August 04, 2011
Ioan Raicu, an assistant professor in the Department of Computer Science at the Illinois Institute of Technology (IIT) and guest research faculty in the Math and Computer Science Division at Argonne National Laboratory, has a long-standing interest in the challenges of data-intensive computing and distributed system.
As founder and director of the Data-Intensive Distributed Systems Laboratory (DataSys) at IIT some of the problems he has been tackling have similar threads that run across cloud computing, exascale computing and the new programming and efficiency challenges of manycore processors.
Raicu compared current supercomputing capacity and that which will fuel the coming age of exascale to major cloud computing providers like Amazon.
In doing so, he made the claim that Amazon in 2018 will look very similar to exascale supercomputers, with node counts in the many hundreds of thousands.
Currently Amazon's data centers are spread out across six locations with an estimated 40,000 servers, 320,000 cores, and consuming an estimated $12 million per year in energy costs. Raicu claims that this already parallels the systems at major institutions and that by 2018, Amazon's revenue, which is a mere $250 million per year, could grow anywhere from 100 to 1000 times what they are now.
This growth comes at a cost, however. While Amazon is spending an estimated $12 million per year on energy costs alone, by the time it hits the exascale level Raicu predicts, energy costs could soar to as much as $20 million per year.
During his talk, Raicu pointed out a number of ways that the challenges of exascale can be directly related to the problems that the major IaaS vendors like Amazon will face. Among such expected hurdles is, perhaps not surprisingly, the energy efficiency issue he discussed during his yearly energy expenditure estimates. With talk that exascale systems will likely require their own dedicated power plants, what would a set of distributed data centers housing many hundreds of thousands of nodes require?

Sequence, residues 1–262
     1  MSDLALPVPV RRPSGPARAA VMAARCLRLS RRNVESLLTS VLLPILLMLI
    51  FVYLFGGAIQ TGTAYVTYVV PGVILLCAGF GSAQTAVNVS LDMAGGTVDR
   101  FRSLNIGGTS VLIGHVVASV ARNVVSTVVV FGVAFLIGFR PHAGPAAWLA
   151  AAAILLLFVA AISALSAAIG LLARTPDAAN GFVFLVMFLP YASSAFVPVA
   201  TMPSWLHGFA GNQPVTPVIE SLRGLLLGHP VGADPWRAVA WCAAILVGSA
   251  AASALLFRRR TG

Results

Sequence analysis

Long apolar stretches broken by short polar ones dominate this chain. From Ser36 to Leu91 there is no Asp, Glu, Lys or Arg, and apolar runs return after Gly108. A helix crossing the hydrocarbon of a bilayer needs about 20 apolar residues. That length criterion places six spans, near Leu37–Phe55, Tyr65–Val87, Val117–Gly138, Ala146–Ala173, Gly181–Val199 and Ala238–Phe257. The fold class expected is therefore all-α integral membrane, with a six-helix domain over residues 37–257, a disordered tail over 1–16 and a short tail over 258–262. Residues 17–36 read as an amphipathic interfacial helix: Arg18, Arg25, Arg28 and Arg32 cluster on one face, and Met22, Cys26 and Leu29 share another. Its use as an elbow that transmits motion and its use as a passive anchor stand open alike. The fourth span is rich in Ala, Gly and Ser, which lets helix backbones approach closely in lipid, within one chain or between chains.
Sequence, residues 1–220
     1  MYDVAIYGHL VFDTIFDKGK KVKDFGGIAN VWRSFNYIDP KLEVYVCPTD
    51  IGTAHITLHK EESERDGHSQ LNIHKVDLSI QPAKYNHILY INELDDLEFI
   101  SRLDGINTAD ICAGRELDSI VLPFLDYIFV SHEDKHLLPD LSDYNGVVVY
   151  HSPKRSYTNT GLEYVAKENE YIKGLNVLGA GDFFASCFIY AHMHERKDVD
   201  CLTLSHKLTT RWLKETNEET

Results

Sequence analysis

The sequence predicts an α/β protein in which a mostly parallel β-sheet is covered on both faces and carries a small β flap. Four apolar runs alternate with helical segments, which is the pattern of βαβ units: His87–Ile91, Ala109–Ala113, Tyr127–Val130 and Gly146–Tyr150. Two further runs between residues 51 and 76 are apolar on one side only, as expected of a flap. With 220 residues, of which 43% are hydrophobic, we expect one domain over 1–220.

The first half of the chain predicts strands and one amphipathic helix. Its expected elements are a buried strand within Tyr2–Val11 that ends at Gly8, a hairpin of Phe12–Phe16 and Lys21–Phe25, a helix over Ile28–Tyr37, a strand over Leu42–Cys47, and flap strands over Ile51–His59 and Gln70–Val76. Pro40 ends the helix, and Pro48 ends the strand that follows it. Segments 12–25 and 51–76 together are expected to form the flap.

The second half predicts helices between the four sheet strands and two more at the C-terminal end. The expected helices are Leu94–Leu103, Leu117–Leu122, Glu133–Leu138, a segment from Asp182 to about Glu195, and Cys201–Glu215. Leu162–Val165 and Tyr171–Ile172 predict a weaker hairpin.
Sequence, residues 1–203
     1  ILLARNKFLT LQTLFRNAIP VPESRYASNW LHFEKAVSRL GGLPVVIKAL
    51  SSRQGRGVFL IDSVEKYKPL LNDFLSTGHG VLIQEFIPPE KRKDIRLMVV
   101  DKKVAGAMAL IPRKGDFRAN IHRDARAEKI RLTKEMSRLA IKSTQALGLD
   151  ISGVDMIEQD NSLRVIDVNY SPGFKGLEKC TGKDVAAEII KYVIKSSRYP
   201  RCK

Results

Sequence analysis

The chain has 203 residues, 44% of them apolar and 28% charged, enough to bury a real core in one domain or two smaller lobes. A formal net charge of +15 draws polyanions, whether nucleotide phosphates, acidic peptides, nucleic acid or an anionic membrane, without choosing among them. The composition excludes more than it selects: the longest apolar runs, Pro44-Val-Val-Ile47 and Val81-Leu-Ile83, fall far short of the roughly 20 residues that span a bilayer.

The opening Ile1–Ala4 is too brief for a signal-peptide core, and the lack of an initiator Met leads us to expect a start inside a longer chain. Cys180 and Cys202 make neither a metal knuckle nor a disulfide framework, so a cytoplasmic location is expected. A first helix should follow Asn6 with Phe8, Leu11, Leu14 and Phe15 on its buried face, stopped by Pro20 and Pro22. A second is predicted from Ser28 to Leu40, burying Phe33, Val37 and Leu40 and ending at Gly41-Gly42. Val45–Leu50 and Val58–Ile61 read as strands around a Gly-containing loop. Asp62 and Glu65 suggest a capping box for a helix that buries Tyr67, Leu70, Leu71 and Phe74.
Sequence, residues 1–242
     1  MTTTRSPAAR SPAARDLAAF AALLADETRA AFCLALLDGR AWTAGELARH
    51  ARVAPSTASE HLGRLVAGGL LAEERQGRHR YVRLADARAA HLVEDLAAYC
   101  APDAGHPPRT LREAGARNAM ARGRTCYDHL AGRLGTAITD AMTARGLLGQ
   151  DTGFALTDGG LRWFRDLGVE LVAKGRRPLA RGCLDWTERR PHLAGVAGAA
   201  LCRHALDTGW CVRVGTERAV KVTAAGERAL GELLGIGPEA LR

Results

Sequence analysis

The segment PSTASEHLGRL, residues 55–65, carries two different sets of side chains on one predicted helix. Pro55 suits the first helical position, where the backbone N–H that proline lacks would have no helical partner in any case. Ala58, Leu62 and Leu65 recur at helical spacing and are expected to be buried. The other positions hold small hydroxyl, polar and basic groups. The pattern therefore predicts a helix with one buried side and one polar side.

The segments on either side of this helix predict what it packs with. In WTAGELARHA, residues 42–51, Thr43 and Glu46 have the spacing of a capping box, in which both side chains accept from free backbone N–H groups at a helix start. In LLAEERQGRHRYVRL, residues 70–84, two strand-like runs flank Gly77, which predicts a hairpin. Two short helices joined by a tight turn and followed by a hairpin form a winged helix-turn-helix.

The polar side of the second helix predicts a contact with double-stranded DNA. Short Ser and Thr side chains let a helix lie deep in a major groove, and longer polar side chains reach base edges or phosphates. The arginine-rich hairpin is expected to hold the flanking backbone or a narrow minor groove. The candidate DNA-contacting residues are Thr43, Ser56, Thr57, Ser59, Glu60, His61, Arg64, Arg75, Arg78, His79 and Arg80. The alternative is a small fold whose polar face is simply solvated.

Raicu argues that we need to look to more power efficient technologies that will not only aid in the progress toward exascale computing—but that can also be harnessed to power the growing mega-clouds. Even without solutions to the efficiency problem, there are other bottlenecks, including the usual suspects when it comes to major data centers or supercomputers---memory and storage.
Even with the efficiency and hardware problems solved, there need to be applications that can take advantage of the vast numbers of cores available. For exascale, this is challenging enough—but when it comes to a distributed computing powerhouse like Amazon, operating at such scale, solving parallel programming challenges is going to be just as important, if not in some ways more complex.
To better understand the context of some of his statements, check out the video of the talk presented below.
May 16, 2013 |
When it comes to cloud, long distances mean unacceptably high latencies. Researchers from the University of Bonn in Germany examined those latency issues of doing CFD modeling in the cloud by utilizing a common CFD and its utilization in HPC instance types including both CPU and GPU cores of Amazon EC2.
May 10, 2013 |
Australian visual effects company, Animal Logic, is considering a move to the public cloud.
May 10, 2013 |
Program provides cash awards up to $10,000 for the best open-source end-user applications deployed on 100G network.
May 08, 2013 |
For engineers looking to leverage high-performance computing, the accessibility of a cloud-based approach is a powerful draw, but there are costs that may not be readily apparent.
05/10/2013 | Cleversafe, Cray, DDN, NetApp, & Panasas | From Wall Street to Hollywood, drug discovery to homeland security, companies and organizations of all sizes and stripes are coming face to face with the challenges – and opportunities – afforded by Big Data. Before anyone can utilize these extraordinary data repositories, however, they must first harness and manage their data stores, and do so utilizing technologies that underscore affordability, security, and scalability.
04/02/2012 | AMD | Developers today are just beginning to explore the potential of heterogeneous computing, but the potential for this new paradigm is huge. This brief article reviews how the technology might impact a range of application development areas, including client experiences and cloud-based data management. As platforms like OpenCL continue to evolve, the benefits of heterogeneous computing will become even more accessible. Use this quick article to jump-start your own thinking on heterogeneous computing.